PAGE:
When we, as entrepreneurs, start a business, our lives are filled with optimism, and it is often that optimism that drives the success of our business venture. Therefore, it may not occur to the optimistic business owner to think about what happens if, through a health crisis, accident, or other event which results in the owner becoming incapacitated, or, worse, dying, the business has no one to run it.
It is part of our job, as lawyers, to be pessimistic, and advise clients on plans for this possibility. I have explored with clients advice on a number of ways in which to deal with this situation:
For example, it is often the case that the business owner can develop a close friendship or association of trust with another business owner in the same industry. I have suggested, under those circumstances, a ‘buddy system’, whereby each business owner entrusts the other with the necessary information to carry on the business during an absence – whether temporary or permanent. The information can be freely given at the time the buddy system is set up, or can be kept in a place for which the access information can be given by a spouse or relative to that buddy if the circumstances arise where the help of that buddy is needed.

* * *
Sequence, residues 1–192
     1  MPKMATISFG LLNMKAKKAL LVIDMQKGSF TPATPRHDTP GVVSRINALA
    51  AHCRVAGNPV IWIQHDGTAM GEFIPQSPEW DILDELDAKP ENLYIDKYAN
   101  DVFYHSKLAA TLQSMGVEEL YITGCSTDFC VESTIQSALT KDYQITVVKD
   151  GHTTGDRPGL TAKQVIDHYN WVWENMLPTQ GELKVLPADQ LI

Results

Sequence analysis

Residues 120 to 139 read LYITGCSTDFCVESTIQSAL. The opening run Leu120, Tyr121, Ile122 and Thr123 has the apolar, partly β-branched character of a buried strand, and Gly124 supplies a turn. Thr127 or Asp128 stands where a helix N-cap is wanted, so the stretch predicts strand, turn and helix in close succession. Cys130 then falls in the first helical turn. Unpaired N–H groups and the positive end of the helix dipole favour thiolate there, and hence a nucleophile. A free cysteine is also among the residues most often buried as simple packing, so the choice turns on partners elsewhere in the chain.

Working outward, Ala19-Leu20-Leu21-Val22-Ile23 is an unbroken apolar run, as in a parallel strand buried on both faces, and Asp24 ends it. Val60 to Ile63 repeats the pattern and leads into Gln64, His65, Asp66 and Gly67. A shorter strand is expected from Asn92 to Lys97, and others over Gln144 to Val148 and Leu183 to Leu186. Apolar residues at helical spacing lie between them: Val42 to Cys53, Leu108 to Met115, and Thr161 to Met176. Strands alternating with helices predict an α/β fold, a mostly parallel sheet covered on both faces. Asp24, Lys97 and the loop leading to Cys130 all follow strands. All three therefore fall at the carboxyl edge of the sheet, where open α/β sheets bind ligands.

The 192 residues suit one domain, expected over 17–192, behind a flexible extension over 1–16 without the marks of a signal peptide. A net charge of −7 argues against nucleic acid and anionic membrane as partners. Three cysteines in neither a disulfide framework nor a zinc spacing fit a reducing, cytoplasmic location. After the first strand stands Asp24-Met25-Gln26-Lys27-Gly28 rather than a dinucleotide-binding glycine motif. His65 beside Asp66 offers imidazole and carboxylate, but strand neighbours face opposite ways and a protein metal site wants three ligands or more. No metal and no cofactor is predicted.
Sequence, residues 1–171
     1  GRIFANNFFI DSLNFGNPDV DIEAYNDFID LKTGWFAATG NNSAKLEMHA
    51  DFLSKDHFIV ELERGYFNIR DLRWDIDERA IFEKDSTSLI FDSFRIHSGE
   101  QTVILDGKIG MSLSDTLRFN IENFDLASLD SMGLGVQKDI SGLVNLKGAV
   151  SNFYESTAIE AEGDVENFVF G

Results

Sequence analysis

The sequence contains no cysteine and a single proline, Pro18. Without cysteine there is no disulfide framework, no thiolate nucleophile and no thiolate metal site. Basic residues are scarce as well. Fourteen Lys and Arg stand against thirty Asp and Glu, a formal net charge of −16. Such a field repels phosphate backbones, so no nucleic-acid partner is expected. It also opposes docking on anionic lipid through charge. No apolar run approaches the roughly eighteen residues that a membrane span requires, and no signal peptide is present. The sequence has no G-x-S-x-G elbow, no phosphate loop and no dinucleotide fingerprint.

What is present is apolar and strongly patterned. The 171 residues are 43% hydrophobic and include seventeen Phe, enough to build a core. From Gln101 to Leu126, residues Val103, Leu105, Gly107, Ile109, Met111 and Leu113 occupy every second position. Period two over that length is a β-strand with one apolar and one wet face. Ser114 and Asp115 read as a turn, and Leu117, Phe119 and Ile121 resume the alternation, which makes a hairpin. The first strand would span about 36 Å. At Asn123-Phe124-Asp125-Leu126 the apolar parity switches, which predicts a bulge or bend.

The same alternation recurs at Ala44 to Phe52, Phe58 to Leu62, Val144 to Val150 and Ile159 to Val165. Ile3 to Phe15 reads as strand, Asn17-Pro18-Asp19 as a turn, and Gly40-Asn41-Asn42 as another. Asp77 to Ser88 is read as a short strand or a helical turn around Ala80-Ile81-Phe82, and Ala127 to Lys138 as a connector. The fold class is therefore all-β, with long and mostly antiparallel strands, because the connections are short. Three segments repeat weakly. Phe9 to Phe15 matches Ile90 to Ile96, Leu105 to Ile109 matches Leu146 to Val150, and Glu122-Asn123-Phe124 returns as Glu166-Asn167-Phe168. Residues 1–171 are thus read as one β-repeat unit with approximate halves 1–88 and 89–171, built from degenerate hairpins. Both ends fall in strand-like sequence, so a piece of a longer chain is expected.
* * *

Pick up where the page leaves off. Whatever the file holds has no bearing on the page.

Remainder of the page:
More importantly, the spouse or partner or closest family member that would be in charge if the business owner were to die or become incapacitated, must also be aware of what must happen. That knowledge could be simply to contact and trust the ‘buddy’, if there is one, or in fact could be with detailed instructions about how to shut down (or carry on) the business, if those circumstances arose.
Finally, of key importance is signing authority at the bank. Again, often it is only the business owner that has signing authority – whether entirely or for amounts in excess of certain limits. One person in that role can create huge problems if that person ‘disappears’ from the scene for whatever reason. It is important, therefore, for the business owner to consider taking steps to ensure that someone else can step into the breach and sign cheques and other bank instruments if the business owner is not able to perform that function.
These are a few suggestions to help when the unthinkable does happen. Once planned for, the business owner can continue to be optimistic and work hard for the continued success of the business.
This blog post was written by Ted Mann, a Partner in the Wills and Estates, Real Estate, Business and Bankruptcy teams. He can be reached at 613-369-0368 or at firstname.lastname@example.org.